First, a quick note to say thank you to everyone who has pre-ordered my book since I announced it on May 1st. The response has completely exceeded my expectations and the book is a big success personally and with sales. I hope we can keep the train moving as we get nearer the release date.
A few have been asking, so – what’s my book about? Beyond the stock synopsis – I thought it would be fun to give you an insight into what each chapter is about. When I was putting together the book proposal to shop around to agents and publishers, I needed to summarize each chapter. It was a useful exercise and it’s also representative of what the book is about. Each chapter in Adventures in Anglotopia is basically a short little essay on one aspect of Britishness or my relationship with Britain over the years. The chapters vary in length – none are longer than 5,000 words, most are around 1,000-2,000 words. I didn’t want the book to be a chore to read. As we get nearer to the release date, I will release a few select chapters as excerpts.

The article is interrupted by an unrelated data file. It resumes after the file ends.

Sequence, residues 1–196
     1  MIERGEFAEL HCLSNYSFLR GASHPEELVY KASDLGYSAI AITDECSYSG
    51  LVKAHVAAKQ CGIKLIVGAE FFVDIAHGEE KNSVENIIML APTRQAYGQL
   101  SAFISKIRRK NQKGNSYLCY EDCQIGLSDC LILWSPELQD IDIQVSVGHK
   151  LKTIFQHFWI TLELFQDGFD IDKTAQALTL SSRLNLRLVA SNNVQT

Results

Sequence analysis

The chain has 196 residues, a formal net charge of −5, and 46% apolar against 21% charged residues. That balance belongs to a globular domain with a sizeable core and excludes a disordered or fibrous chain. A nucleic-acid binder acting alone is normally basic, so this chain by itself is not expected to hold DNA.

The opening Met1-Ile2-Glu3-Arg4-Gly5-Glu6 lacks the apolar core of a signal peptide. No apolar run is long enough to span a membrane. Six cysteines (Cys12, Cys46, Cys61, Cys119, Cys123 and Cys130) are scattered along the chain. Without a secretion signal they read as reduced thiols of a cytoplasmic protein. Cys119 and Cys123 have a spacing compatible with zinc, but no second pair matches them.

At the bottom of the post, I’ll put the links to all the places where you can buy the book. But I’d like to encourage you to buy the book directly from us in our online store. Your copy will come signed and if you leave a note at checkout, I can personalize the inscription.
So, without further ado – here are all the chapters. There are no spoilers really, there is no ‘plot’ to the book, but all the chapters do follow a theme and a course to the conclusion to the book.
Adventures in Anglotopia Chapter Summaries